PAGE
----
While there's nothing radically different in the Google Pixel 3 and the Pixel 3 XL, Google has made additions that make the flagship phones more robust and secure. Privacy is something the company takes seriously and the Pixel 3 phones come with Google's proprietary Titan M chip built-in. The chip, Google claimed at the launch, makes the phone more secure preventing bad actors to take control of your data. Now, in a recent blog post on Keyword, Google outlined exactly how the Titan M chip helps in keeping things safe and secure.
The Titan M coprocessor in the Pixel 3 phones is related to Titan chips that Google uses in its data centers to keep them secure. Primarily, the custom chip ensures the phone boots an operating system that hasn't been tampered with by bad actors like malware. Google also cryptographically signed off the chip.
The Pixel 3 phones have a 'verified boot' mechanism which checks if you're running the right version of Android. That mechanism is powered by the custom Titan M chip. The chip keeps a record of the last known safe Android version. It also blocks hackers and malware from downgrading to an older version to exploit security loopholes present in them. In case the phone is infected by a malware, the chip stops the malicious code from unlocking the bootloader and change root-level codes.
The Titan M is based on an ARM Cortex-M3 processor and also helps in keeping the lockscreen secure. Pixel 3 phones (and most Android phones are encrypted) the moment you turn off your screen. The Titan M chip on the Pixel 3 takes things up a notch by enforcing login attempt limits. It also lets the system decrypt if the passcode is verified. As a result, if you forget your passcode, there’s very you can do to recover it.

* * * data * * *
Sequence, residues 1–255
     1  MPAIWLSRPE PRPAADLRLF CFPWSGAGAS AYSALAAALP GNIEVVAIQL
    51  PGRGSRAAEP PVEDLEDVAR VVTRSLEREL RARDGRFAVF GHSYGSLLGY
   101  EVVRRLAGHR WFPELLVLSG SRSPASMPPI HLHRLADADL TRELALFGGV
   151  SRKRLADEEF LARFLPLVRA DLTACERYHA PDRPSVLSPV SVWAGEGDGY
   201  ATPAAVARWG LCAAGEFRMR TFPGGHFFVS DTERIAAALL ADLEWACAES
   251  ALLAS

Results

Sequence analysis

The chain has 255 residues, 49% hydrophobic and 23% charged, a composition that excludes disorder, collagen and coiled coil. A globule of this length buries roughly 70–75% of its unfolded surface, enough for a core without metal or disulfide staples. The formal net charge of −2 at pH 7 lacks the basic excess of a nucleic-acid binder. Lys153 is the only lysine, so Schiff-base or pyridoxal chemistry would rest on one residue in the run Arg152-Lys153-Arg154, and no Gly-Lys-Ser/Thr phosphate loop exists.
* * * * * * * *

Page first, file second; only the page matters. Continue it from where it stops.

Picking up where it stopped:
Google also noted that the Titan M keeps important information like authentication info, payment transaction info, etc. in a secure enclave. The chip itself is kept physically away from the main chipset. That brings down the chances of data getting compromised through side channels. Android 9 comes with StrongBox KeyStore APIs that relies on the Titan M to store private keys of users. Further, there’s a Protected Confirmation API that “help to ensure the user (not malware) has confirmed a transaction.”
The Titan M chip itself is kept secure with a passcode that is set by the user. Without the valid code, the chip’s firmware cannot be updated. As a result, even if the lock screen is bypassed, malicious firmware cannot be installed on the chip, at least in theory.
Google will make the source code of the Titan M firmware public sometime in the future for developers to play with.
The Pixel 3 phones, as a result, seems to be just as secure as the Apple iPhones that also feature a secure enclave in the chip that keeps private keys like transaction info, passwords, etc. sandboxed in a separate unit. Samsung’s flagship devices like the Galaxy Note 9 also feature Knox that mostly do the same thing. Then there are the Blackberry devices that are considered one of the most secure smartphones to use.
Most of Google’s rivals in the smartphone industry, especially the popular flagship phone makers are vying for a larger chunk of the enterprise market. By ensuring hardware-level security for the Pixel 3 phones, Google is pushing for a wider adoption of the Pixel 3 phones in the enterprise segment.